Friday, April 30, 2010

The Phantom Of The Opera (1962)

Following close on the heels of their grimmer, gorier versions of Frankenstein(1957), Dracula (1958), The Mummy (1959) and The Wolf Man (aka, Curse of the Werewolf) (1961), Britain’s famed Hammer Studios sought to reprise one of Universal’s most venerable horror classics, The Phantom of the Opera, based on Gaston Leroux's 1910 novella about a disfigured musical genius haunting the Paris Opera.

Herbert Lom
Hammer's version starred the intense Czech-born actor Herbert Lom (Inspector Dreyfuss of the Pink Panther series) as the Phantom--here called Professor Petrie--with British actress Heather Sears playing Christine.

According to author Wayne A. Kinsey (Hammer Films: The Bray Studio Years), the part of romantic lead Harry Hunter originally was written for Cary Grant. Grant was interested in doing the film, however he surprised Hammer executives by making it clear that he wanted to play the Phantom, not Hunter. It would have made for an interesting piece of casting--way against type for Grant--however the deal eventually fell through due to stalled salary negotiations; the part of Hunter subsequently went to Welsh actor Edward de Souza.

Writer/producer Anthony Hinds's script changed the setting from Paris to London, where, as was the case in Universal's 1943 version with Claude Rains, the Phantom is horribly burned with acid while trying to recover a manuscript that he believes has been stolen, however in this instance his outrage is justified, for his music has been stolen, by the slimy Lord Ambrose d'Arcy, played with reptilian relish by Michael Gough

Michael Gough as Lord Ambrose d'Arcy
Lom's Phantom is ultimately a pitiable creature. In Universal's 1943 version, Rains's Phantom was clearly as much victim as villain, however Hammer pushes this conceit even further by revealing that it isn't the Phantom who's responsible for the opera house murders but an inarticulate half-wit called simply "The Dwarf" (Ian Wilson). The Phantom is not only a victim, he's a red herring. Moreover, instead of dropping a chandelier on the audience, this Phantom gets the chandelier dropped on him.

One amusing production anecdote involved the iconically eerie mask that Lom wore in the film. According to Kinsey, Hinds hired a master mask maker to draw up a variety of designs, but none of them really worked. Makeup artist Roy Ashton sketched a few ideas inspired by kabuki masks, however Hinds was tepid on those as well. When the time came to start shooting publicity stills of Lom as the Phantom, it was noted with some alarm that they still didn't have a mask. "Look," Ashton said, "give me five minutes and I'll make you one!", and he did. Ashton got an "old piece of rag," cut a couple of eye holes, patched one of the eyes with mesh, and tied the whole thing around Lom's head with a couple of pieces of string. "Great," everyone said. "That's what we want!"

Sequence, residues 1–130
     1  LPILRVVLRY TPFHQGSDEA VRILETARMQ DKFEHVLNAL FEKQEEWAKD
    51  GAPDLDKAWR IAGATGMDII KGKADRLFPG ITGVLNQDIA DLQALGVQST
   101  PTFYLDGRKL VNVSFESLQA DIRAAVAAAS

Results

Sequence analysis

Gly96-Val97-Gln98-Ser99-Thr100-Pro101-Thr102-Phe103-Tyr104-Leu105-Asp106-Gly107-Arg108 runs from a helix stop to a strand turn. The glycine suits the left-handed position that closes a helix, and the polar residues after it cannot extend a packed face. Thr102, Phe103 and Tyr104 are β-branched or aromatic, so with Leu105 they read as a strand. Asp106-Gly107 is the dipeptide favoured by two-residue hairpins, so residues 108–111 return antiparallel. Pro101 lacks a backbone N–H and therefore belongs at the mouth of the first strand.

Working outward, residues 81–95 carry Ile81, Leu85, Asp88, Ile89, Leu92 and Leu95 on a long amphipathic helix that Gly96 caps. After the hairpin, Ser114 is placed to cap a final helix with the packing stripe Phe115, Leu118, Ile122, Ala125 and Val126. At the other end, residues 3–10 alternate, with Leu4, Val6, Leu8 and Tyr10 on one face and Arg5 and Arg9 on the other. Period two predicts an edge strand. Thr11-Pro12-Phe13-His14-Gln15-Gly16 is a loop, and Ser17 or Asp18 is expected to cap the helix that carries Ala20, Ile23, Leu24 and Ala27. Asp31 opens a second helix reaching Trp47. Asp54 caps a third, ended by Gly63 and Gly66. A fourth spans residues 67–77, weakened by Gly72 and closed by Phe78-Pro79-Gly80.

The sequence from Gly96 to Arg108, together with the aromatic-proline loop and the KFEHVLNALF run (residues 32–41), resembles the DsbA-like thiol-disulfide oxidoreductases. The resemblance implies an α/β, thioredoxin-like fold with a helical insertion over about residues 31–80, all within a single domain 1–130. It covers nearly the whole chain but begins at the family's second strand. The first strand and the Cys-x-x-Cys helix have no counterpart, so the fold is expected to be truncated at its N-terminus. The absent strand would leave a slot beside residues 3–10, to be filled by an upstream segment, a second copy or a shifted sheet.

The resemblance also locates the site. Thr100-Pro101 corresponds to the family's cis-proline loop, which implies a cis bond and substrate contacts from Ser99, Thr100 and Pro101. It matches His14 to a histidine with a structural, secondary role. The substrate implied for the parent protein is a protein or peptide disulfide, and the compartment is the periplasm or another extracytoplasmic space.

Phantom enjoyed a bigger budget than most Hammer productions and was unusually well reviewed, earning guarded praise from critics who normally panned Hammer's films, however the movie was a surprise flop at the box office.

Some critics have dismissed the film due to its unfaithfulness to the source material, however a reading of the book suggests that a verbatim adaptation of Leroux's novella would likely have made for some pretty rough sledding for modern audiences. Even the 1925 Chaney film took liberties with it. I enjoyed the novel Frankenstein, for example, however it would be pretty tedious if done exactly as written, as Kenneth Branagh has proved.     

Hammer's Phantom may not be canon but it has its own unique charms, chief among them Edwin Astley's creepy, soaring musical score--which is superior to that of most other Phantom films, Andrew Lloyd Webber notwithstanding--and Herbert Lom's commanding, underappreciated performance as the Phantom. He deserves some kind of award for that sepulchral voice alone.

Christine (Heather Sears) sings for the Phantom (Herbert Lom)

One of the things that differentiates Lom's Phantom from others is the platonic nature of his relationship with Christine. He's a mentor, not a suitor. There are no unrequited sexual or romantic undertones. The Phantom haunts Christine not out of personal love or desire, but because he recognizes what he calls her "great gift" of a voice, and rather selflessly wants to help her in his own rough way. (Okay, he does slap her a couple of times to make a point about suffering and art, but he means well.) And there are a few unexpectedly poignant moments, such as the glimpse of a tear in the Phantom's one good eye as he listens to Christine singing. When he engages in animated exchanges with imaginary people, it's clear that he's slowly losing his mind, poor fellow.
Hammer's Phantom of the Opera is hardly the lushest adaptation ever lensed--it's almost minimalist--however, it is an interesting take on an old story, with great music, credible performances, a loathesome villain, and a compelling central performance by Herbert Lom. It may not be what Leroux intended,  but it's definitely worth a second look. 

Theatrical trailer for Hammer's The Phantom of the Opera:

A video review of the Hammer version by PhantomReviews:


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